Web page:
Thus it has been a tremendous delight to get to know Navine’s work this summer and witness up close her great achievement in visualising, gathering and speaking our vitalising Earth Emotions. Especially as our emotions, as well as our rationality, must be employed to help us recognise and cultivate more empowering, compassionate behaviour, so we can more skilfully coordinate our actions for a better world.
Visualising Our Vitalising Earth Emotions
Ahead of Navine painting the final murals on IMMA’s walls, over several weekends in July 2022 she created welcoming workshops at IMMA to present her ideas and to invite many people to select words to express their emotional responses to the ecological emergency (I was a participant in one of the workshops). We were excited to find ourselves co-creating Navine’s emotional colour palettes for her final large-scale murals.
During these workshops, Navine sensitively and skilfully invited participants to mix a palette of colours to signify the range of emotions they feel around the ecological emergency. Our workshops began when Navine read the simple Gaia Meditation from eco-philosopher and educator Joanna Macy (whose eco-education work and writings are known to many people in the ecological art field) and deep ecologist John Seed. (I invite you to read more about Navine’s other inspirations, including theosophy, in the IMMA magazine here)).
Navine then asked us to choose emotional words, our ‘Kind Words [that] Can Never Die’ and use the provided mural paints to mix colours to represent our emotions. We then used our palettes to ‘colour in’ well-known diagrams that Navine had collected from science, economics and sustainability education. For me, this felt great, to personalise and overcome the dominance of scientific representations of the ecological emergency, especially when we come to understand that the ecological emergency is fundamentally a spiritual crisis, where our cultural priorities have unwittingly alienated so many of us from caring for the life support systems on Earth. We are beginning to realise that facts alone accumulating over the last 50 years are failing to galvanise public behaviour change on the scale needed to address the ecological emergency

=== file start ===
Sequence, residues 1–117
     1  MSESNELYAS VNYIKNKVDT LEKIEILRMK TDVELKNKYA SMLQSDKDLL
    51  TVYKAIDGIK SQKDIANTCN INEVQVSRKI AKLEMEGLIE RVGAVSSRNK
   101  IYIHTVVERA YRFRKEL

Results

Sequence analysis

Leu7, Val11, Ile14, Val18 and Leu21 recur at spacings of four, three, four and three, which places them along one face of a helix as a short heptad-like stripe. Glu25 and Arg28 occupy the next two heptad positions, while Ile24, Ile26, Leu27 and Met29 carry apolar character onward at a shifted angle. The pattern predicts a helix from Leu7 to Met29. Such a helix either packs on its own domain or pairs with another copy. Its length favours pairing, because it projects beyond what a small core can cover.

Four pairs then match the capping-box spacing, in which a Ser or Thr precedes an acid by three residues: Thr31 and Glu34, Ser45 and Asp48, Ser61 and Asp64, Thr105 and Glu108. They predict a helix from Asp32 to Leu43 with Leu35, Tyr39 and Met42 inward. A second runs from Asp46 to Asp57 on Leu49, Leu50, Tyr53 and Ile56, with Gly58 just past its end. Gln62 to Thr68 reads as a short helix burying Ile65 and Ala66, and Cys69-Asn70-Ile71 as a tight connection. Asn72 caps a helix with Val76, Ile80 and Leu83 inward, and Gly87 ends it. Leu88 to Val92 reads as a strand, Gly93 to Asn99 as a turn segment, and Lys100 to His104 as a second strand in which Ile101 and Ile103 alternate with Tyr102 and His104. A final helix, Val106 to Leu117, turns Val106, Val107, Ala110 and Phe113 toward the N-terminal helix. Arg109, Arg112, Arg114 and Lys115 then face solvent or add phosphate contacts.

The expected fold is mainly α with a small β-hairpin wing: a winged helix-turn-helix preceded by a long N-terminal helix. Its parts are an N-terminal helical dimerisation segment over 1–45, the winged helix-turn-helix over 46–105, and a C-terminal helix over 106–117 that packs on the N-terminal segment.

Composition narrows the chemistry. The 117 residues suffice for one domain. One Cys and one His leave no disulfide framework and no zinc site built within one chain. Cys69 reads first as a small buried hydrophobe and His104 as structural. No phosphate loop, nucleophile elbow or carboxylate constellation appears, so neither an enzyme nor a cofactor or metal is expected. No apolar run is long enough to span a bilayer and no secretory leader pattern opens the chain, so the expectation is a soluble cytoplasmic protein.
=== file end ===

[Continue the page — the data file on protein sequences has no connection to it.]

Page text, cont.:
Navine then re-presented these emotional diagrams at a wall-sized scale; all our individual emotional colour responses, our ‘Kind Words’ that we must remember, now sing out as a beautiful co-created encircling mural, covering the inner collonaded courtyard walls of the Irish Museum of Modern Art (the murals were publically launched 28 July 2022).
I was a participant in one of Navine’s workshops and you can see my process of choosing and mixing a palette to reflect my Earth Emotions above. Most of the photos above are mine, apart from some of the workshop photos (by Louis Hough)
Below you can see me and Navine and her young son reacting enthusiastically to the ‘lotus’ diagram of the 4 Pillars of the peoples’ Earth Charter. (Past learners of the Haumea Ecoversity Earth Charter course, who have travelled with me to learn about this unsurpassed, UNESCO-endorsed civil society-created document that is the peoples’ Earth Charter (2000) will appreciate my surprise and delight to find Navine had included it among the symbols that are now embedded into the structural fabric of IMMA’ colonnade. For those unfamiliar with the principles of the Earth Charter, from so many peoples and cultures, are such a great means for art organisations and for us all to communicate our shared common values for a better world 🙂